Lita, I share your discouragement on this issue. Your incident with your friend is just awful. I think the only way forward is to do as stargazer has done - look out for small opportunities to counter dominant ideas with something better. I'm not excusing the Police in this instance, but they do have an insular culture - there may be well-meaning people amongst them who just haven't had their thinking challenged on these issues.

weka said...

I'm amazed that there are petrol stations still open (or dairies for that matter). I mean, aren't people who work there making themselves vulnerable to P-fueled attacks and robberies simply by turning up for work?

Contacting the detective and the district commander both sound like good ideas.

The ex-expat said...

Arrrgh I hate this shit.

I went out for a quiet meal last Friday with the Suit at a bar that aside from several Suits drinking outside was empty. I soon found out why when one of the guys felt the need to grab my ass and when I swung around to give a 'WTF' started poking his tounge out porn-star style.

Yup even with with a man to 'protect' me apparently the streets aren't safe.

Julie said...

Thanks for highlighting this Anjum, I used it as an example in a speech I gave today about the Lisa advert stuff (which I'm going to put up soon).

Kate from Auckland Sexual Abuse Help spoke at the forum too and she mentioned that the police now have Adult Sexual Assault Teams, which police officers specifically trained in how to deal appropriately with sexual violence. I hope this CIB detective sergeant is not in one of those teams...

Ben R said...

"but the way he has framed his words makes it sound like walking home late at night is now a crime."

I can see your point that the word "putting" seemingly attributes a degree of culpability to the victim. Unfortunately, a person walking home alone is more vulnerable. I don't think he's saying that is the women's fault though.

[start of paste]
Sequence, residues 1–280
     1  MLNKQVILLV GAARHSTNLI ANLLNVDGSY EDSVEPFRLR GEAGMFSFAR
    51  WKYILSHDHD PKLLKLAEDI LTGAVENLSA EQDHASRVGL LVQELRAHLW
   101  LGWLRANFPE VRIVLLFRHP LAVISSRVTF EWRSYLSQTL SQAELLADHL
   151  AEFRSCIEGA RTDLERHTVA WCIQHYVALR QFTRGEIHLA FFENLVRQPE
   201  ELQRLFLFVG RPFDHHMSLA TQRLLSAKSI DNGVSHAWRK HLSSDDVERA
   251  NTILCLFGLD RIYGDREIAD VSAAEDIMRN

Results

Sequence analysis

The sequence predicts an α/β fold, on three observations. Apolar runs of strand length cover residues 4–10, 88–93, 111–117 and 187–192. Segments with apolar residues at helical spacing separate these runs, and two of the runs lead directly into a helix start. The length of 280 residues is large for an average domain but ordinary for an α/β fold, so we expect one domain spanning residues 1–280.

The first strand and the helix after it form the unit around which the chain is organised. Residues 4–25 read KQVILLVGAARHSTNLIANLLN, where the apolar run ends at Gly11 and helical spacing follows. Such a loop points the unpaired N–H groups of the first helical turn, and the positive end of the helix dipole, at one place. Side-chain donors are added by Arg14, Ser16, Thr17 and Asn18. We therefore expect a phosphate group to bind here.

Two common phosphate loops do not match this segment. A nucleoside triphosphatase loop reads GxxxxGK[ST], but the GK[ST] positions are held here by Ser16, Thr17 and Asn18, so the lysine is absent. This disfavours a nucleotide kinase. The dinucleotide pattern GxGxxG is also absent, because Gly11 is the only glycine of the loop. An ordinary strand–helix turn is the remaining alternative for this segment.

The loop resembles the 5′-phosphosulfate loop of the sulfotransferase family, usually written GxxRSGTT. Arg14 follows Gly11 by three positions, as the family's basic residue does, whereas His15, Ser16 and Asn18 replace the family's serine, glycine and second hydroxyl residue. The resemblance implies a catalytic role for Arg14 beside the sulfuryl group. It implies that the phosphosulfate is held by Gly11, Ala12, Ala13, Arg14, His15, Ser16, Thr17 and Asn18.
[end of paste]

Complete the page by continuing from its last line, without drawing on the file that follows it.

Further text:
Overall, I felt he was pointing out how unusual this was.

As for saying it's the new way of saying "she asked for it",
it's hardly comparable to Sheik Hilali saying in Australia that "the uncovered meat is the problem.",20867,20646437-601,00.html

Anna McM said...

It doesn't need to be comparable to the words of Sheik Hilali to be a problem. Implying that women walking home alone/wearing short skirts/drinking/whatever get raped in part because of their own foolishness discourages victims from coming forward.

stargazer said...

ben, my response to sheikh al-hilaly's comments can be found here:,
i suggest you have a read.

as anna says, by using language like this that implies blame for women, there are two problems. the first, as anna says, is that women in such situations are unlikely to come forward because they might believe they won't be treated sympathetically or because of the shame they feel of being so "stupid". the second is that it takes focus away from where it should be: on the offender. he's the one who needs to change his behaviour and attitudes.

anyway, for the rest of you, i don't quite feel up to facing mr hermann by myself. so i've left a message with the ethnic liaison person here (only because i already know him and he's a really nice guy). hopefully he'll help me with organising a meeting. if there are any other hamiltonians that would like to be involved with this, that would be very much appreciated!

Ben R said...

"second is that it takes focus away from where it should be: on the offender. he's the one who needs to change his behaviour and attitudes."

Actually I think he's the one who needs to be castrated but that's another point..